It’s been nearly ten years since the UK government introduced its ‘cloud first’ digital imperative, with the G-Cloud program supporting public bodies, including local governments, to invest in a plethora of cloud technologies to drive better services
While this cloud-first agenda is far from new, the pandemic provided an undeniable catalyst for rapid digital transformation in local government organisations. From remote working to virtual town meetings, the cloud became the conduit. However, the mass adoption of systems like Microsoft Teams was done at breakneck speed.
The popularity of cloud technologies has soared within local government, not least due to its scalability. As explained in the government’s recent policy paper ‘Roadmap for digital and data, 2022 to 2025’, “when people order their groceries, book a holiday or check their bank accounts, they expect and receive a seamless and easy experience. The same should be true of government services.”
Cloud is the conduit.
While local governments understand the need for cloud, its implementation can come against pitfalls. From the threat of spiralling costs to security concerns and skills gaps, local governments seeking to capitalise on the covid cloud catalyst have some fundamental challenges to address. Here we explore these challenges and suggest practical ways local governments can ensure cloud ambitions are not just pie in the sky.
Curtailing spiralling costs
“We are held back by costly and outdated technology and we do not leverage our scale in technology procurement.” So concludes the 2025 Roadmap.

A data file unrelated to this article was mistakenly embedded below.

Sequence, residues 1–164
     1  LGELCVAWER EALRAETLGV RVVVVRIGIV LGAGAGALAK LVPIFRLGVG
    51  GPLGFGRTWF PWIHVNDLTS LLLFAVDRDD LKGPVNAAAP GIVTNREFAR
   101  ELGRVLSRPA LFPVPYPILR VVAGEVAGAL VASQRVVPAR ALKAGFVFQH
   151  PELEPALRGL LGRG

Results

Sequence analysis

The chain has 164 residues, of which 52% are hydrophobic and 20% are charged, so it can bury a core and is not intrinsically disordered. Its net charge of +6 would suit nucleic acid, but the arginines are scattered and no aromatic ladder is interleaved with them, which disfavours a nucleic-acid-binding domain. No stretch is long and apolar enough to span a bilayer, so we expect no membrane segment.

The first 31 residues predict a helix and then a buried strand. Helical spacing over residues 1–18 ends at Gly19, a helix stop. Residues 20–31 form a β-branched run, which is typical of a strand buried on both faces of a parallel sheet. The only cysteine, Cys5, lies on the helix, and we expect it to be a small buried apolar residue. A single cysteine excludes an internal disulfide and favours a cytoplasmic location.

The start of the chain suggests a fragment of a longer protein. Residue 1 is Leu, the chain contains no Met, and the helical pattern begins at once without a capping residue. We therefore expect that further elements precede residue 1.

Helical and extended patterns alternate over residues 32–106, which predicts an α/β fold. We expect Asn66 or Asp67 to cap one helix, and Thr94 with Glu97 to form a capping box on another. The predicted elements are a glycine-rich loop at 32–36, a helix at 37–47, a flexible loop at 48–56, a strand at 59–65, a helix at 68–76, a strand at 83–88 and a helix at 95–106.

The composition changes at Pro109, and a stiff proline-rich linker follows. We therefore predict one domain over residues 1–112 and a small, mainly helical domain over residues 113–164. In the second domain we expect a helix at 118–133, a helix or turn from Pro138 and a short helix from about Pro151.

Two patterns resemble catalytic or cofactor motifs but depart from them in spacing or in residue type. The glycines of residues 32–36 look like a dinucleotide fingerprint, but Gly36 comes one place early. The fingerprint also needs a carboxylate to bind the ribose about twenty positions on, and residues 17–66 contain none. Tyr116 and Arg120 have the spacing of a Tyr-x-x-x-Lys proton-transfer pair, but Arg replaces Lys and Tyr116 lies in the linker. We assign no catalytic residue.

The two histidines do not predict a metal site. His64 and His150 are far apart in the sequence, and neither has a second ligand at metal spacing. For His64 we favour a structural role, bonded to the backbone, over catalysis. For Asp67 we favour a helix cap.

Local government’s use of cloud is complicated; that is a fact. These are highly distributed organisations that integrate many different agency services and depend on close integration. This means there is no one size fits all approach to cloud implementations. While this means creating bespoke offerings for local government’s needs, it can make costs challenging to track. Some councils have been left with unexpectedly large bills against ever-tightening budgets. This is unsustainable, so what can councils do to keep costs in check?
The first step, of course, is effective planning. This can mean working with expert partners to devise a realistic digital transformation roadmap that carefully balances technology deployment against budget. Such a roadmap includes auditing current technology to ensure existing assets are being used effectively, and identifying idle resources that might provide opportunities for savings.
From here, it is possible to design an innovative solution to meet real needs, and create a practical deployment plan, selecting the appropriate, cost-effective technology to help drive further efficiencies into the future.
Looking forward is essential to ensure that the roadmap created today can continue to be optimised into the future. After all, the needs of today may not be the needs of tomorrow, and a lack of expert planning could lead to a nasty surprise on the budget line in years to come.
Bridging the security gap